As snow begins to cover the landscape, most insects have either died, fled or gone into hibernation. But not so for the aptly named winter moth, which emerges from the cold ground to take flight on winter nights.
The winter moth has the ability to damage forests, orchards and blueberry fields. During the past few years, state entomologists have been working to get a handle on this new population of pests, and they’re seeking help from the public this winter.
“There’s an awful lot about these moths that we don’t know because they haven’t been here very long,” state forest entomologist Charlene Donahue said.
The winter moth was introduced to North America from Europe in the early part of the last century. But it wasn’t until the early 2000s that they made their way to New England, defoliating maple, oak and apple trees, as well as blueberry bushes.
Over several consecutive years, this defoliation leads to branch dieback and ultimately the death of entire trees. In fact, winter moth defoliation already has contributed to the destruction of tens of thousands of acres of oak trees in Massachusetts.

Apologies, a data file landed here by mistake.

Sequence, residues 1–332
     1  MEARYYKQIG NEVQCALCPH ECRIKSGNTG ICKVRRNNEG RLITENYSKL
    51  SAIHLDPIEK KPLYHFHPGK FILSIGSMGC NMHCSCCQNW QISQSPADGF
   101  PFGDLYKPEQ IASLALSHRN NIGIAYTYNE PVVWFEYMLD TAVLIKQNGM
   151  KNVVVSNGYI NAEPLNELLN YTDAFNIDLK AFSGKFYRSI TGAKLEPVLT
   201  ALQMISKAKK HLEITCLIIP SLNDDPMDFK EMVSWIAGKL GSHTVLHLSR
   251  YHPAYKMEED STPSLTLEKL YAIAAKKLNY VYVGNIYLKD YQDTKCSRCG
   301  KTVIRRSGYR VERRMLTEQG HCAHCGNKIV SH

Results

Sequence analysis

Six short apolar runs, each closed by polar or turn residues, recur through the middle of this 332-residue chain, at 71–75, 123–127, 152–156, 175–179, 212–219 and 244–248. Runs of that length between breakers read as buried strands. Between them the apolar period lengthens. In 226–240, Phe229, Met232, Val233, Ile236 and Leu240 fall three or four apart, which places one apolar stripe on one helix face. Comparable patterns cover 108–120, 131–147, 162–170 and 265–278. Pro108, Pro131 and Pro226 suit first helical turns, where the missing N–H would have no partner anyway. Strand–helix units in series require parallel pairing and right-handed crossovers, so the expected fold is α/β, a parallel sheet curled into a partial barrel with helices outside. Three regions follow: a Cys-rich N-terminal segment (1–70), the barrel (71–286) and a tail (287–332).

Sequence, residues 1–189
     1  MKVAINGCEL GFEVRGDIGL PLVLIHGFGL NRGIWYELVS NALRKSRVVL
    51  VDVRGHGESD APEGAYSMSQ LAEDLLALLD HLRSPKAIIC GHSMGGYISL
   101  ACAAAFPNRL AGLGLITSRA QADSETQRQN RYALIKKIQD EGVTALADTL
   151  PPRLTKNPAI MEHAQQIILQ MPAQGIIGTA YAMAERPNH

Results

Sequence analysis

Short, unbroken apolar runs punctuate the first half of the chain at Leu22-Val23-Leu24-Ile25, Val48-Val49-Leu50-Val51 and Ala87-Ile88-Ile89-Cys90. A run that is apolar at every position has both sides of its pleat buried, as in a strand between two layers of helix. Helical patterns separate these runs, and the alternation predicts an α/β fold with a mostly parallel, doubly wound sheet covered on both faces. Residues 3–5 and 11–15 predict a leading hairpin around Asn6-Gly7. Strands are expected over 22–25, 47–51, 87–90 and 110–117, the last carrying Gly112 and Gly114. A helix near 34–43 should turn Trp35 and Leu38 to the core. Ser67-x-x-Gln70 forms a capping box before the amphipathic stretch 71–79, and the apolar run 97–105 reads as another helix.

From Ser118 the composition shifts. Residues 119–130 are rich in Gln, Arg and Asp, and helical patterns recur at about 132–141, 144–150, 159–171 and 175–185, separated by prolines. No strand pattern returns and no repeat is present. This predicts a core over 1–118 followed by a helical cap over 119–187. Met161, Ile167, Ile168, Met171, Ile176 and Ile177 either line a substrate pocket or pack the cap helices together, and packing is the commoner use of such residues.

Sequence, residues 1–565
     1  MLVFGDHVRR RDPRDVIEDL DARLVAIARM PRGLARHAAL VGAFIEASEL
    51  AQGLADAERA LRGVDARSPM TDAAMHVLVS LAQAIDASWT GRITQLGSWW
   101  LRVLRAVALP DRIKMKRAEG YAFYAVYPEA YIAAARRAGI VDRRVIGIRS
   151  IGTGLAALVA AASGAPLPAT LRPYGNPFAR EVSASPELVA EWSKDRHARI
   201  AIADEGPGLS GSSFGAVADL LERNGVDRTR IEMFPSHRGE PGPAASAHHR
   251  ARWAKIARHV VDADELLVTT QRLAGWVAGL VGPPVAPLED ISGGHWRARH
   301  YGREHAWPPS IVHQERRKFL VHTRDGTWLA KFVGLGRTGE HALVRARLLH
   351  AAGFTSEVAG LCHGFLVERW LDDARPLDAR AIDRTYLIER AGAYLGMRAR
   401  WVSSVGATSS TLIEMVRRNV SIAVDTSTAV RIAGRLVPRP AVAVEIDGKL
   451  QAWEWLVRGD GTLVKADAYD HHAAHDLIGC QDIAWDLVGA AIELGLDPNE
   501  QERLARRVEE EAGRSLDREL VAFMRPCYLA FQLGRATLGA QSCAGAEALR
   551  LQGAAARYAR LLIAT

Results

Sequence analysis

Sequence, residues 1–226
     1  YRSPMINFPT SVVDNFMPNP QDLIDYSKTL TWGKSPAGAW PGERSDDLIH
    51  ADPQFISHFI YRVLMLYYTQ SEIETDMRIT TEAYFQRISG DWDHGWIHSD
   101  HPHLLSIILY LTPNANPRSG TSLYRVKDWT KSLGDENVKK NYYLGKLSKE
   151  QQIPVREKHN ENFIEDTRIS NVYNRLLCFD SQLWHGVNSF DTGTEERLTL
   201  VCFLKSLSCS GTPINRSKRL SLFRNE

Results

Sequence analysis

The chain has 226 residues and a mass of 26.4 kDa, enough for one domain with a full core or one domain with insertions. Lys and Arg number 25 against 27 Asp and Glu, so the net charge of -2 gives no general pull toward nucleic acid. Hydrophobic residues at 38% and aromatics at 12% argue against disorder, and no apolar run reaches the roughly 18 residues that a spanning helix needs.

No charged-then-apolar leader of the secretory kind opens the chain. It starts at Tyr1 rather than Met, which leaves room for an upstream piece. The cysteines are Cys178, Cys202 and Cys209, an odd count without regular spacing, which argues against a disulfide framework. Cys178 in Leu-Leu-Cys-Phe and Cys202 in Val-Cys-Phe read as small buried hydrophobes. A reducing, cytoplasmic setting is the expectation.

These destructive moths showed up in significant numbers and entomologists already are starting to see their adverse effect to forest and backyard trees.
“Fighting invasive insects like the winter moth is important to help protect that sector of our economy; in this case, hardwood trees and agricultural crops such as apples and blueberries. Public involvement will help professionals combat and minimize the destructive potential of this and other invasive species.”
This time of year, many of us are still out and about after dark. Even if we aren’t, we may cast a glance at our windows and notice if there are several or more small tan moths trying to get to our indoor lights.
While winter moths are particularly rugged insects, they are also affected by severe cold and heavy snow cover and ice.
The recent appearance of winter moths may have to do with warmer winters, as well as people transplanting gardens to their summer homes. While in their cocoons, the moths can be transported in soil.
Given the early ice and snow this winter there’s a good chance the population will remain low for the time being.
For more information on winter moths, contact EHS Pest in Norwood.
Bangor Daily News